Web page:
How to Respond to the Dreaded Question, ‘How Are You?’
¿Cómo estás? 你好嗎 Ça va? How are you?
With the holiday season upon us, people are getting together, hopefully safely, considering the persistent COVID-19 pandemic. While I always enjoy seeing friends and loved ones, I find it uncomfortable when I’m asked difficult questions like, “How are you?”
While the phrase has become a standard pleasantry, and one of the first we’re taught when we learn a new language, how should someone with an incurable rare disease answer?
The first impulse might be, “I’m good. Thanks for asking.” But that can feel like lying, both to the person asking and the person answering.
Often what comes next is, “You look good!” or “It’s so great to see you healthy!” Yikes. Now I’m even further into the lie.
Another dilemma is that social gatherings often involve alcoholic beverages, which are a bad idea when I’m on medication. So, how should I handle being offered a drink? If I say yes and nurse the drink all night, someone will eventually call me out. If I decline, I’m suddenly explaining that things aren’t great with my body.
I don’t want to bring negative energy to a party, and I would never overwhelm someone with the tough reality of my neuromyelitis optica spectrum disorder (NMOSD). Instead, I usually take the easy route by smiling, accepting a glass of wine, and hoping no one notices when I ditch it. While I know my friends and family love me, they won’t ever understand the stress of living with a rare autoimmune disease.
10 alternative responses
Following are some of my favorite responses to the common and difficult questions and comments those of us with rare diseases often hear at a party or other social gathering. When asked “How are you?” I might respond:
1. ‘I’m really happy to be here.’
If I’ve decided to attend a gathering, then I’m probably excited to see the people there. I can guide the conversation and talk about how lovely the host’s home is, for example.
2. ‘I had some really great moments this week.’
This response usually leads to follow-up questions, but at least it lets me focus on positive moments in my life. Note, however, that if you use this response, you should be prepared to offer examples.
3. ‘Incredibly good-looking!’
Sometimes the best way to answer is with humor. Be careful about using this one if you’re single, though. You don’t want to give someone the wrong impression.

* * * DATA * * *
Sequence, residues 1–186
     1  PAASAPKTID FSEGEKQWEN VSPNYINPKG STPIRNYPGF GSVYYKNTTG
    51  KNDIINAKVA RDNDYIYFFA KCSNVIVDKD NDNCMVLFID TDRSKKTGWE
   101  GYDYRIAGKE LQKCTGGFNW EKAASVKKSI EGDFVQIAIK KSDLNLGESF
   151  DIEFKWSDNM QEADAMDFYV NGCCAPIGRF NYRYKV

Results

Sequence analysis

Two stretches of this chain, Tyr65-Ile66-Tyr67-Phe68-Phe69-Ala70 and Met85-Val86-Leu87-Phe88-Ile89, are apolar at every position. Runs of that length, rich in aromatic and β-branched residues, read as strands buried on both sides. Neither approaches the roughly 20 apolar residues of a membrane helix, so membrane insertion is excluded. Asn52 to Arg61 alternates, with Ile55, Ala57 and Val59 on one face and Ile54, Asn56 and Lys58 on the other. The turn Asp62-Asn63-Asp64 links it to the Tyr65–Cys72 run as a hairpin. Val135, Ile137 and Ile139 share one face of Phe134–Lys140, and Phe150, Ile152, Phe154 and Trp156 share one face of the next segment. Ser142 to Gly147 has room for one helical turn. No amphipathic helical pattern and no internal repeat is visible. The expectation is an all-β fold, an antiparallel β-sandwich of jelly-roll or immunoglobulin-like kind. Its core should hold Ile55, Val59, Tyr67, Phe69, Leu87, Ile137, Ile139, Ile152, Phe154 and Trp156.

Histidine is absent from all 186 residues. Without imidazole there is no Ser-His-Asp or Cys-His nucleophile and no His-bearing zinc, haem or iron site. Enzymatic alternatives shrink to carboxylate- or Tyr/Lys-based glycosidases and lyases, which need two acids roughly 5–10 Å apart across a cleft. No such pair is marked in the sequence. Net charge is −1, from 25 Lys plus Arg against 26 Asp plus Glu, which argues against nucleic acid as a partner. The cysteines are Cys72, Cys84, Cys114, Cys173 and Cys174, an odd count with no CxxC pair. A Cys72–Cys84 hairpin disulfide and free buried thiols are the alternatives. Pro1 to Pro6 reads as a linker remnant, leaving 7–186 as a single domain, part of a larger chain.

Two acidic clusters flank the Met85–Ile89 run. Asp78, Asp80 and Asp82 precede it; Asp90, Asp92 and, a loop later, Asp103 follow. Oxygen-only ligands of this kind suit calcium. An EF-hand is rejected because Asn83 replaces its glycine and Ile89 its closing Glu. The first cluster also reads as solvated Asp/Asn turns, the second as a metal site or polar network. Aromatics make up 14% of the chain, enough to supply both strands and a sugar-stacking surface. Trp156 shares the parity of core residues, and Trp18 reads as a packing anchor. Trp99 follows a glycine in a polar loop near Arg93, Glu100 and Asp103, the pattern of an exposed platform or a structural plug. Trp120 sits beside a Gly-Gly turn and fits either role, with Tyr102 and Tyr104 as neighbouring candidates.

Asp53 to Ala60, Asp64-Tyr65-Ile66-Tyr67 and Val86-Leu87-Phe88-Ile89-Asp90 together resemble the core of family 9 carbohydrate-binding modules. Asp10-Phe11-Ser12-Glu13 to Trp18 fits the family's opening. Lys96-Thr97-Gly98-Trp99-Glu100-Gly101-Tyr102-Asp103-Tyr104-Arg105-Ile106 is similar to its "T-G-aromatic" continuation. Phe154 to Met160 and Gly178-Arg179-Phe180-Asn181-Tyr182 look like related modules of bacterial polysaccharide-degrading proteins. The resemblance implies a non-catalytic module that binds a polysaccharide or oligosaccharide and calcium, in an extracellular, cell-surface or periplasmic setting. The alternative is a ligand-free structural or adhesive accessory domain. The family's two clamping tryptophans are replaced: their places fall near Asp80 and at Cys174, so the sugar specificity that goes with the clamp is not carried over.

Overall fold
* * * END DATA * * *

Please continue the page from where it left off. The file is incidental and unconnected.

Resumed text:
4. ‘How are you?’
Redirecting a question with a question is a classic distraction technique. Plus, it’s nice to hear about others first. Most people can’t resist the opportunity to share about themselves, especially at a gathering where people are meant to socialize.
Next, in response to the comment, “It’s so great to see that you are doing better!” I might say:
5. ‘Thank you. I just bought this dress/shirt/jacket.’
I try to look good when I’m attending a function, because I know it’s the exterior that people see. But it can be easy for others to mistake this effort for how I’m truly feeling inside. This is a polite way to shift the focus to a lighter topic.
6. ‘Thank you. I’ve been trying to get more sleep/eat better/meditate.’
Maybe I do look better than the last time they saw me, but I don’t want to draw a comparison. Instead, I can introduce a new topic, such as sleep quality, new eating habits or recipes, or things I am doing to improve my mental health.
7. ‘I’m having a good day.’
Only use this response if it’s true. It’s a good way to politely remind someone who knows enough about my health challenges that things are always day to day with me.
Finally, in response to the question, “How’s your health?” I can say:
8. ‘It’s the same. Thank you for asking.’
I keep my response short and direct so that it doesn’t overwhelm either of us. If they really want to know, they’ll ask follow-up questions. If they’re just being polite, this response will end the discussion.
9. ‘I’m focusing on a new project at work that I’m excited about.’
While this doesn’t answer their question, it does give them the impression that I’m well enough to be pursuing other initiatives.
10. ‘Under excellent care.’
Unless they work in the medical field or are a caregiver or patient, most people aren’t familiar with complex medical jargon or rare diseases like NMOSD. What they really want to know is if I am in a better place mentally and physically, so that they can worry less about me. This response reminds them to leave treatment to the professionals while eliminating any guilt they may feel.
What are some of the difficult questions you encounter at social gatherings? What are your go-to responses? Please share in the comments below.
Note: Neuromyelitis News is strictly a news and information website about the disease. It does not provide medical advice, diagnosis, or treatment. This content is not intended to be a substitute for professional medical advice, diagnosis, or treatment. Always seek the advice of your physician or other qualified health providers with any questions you may have regarding a medical condition. Never disregard professional medical advice or delay in seeking it because of something you have read on this website. The opinions expressed in this column are not those of Neuromyelitis News, or its parent company, BioNews, and are intended to spark discussion about issues pertaining to neuromyelitis optica spectrum disorder (NMOSD).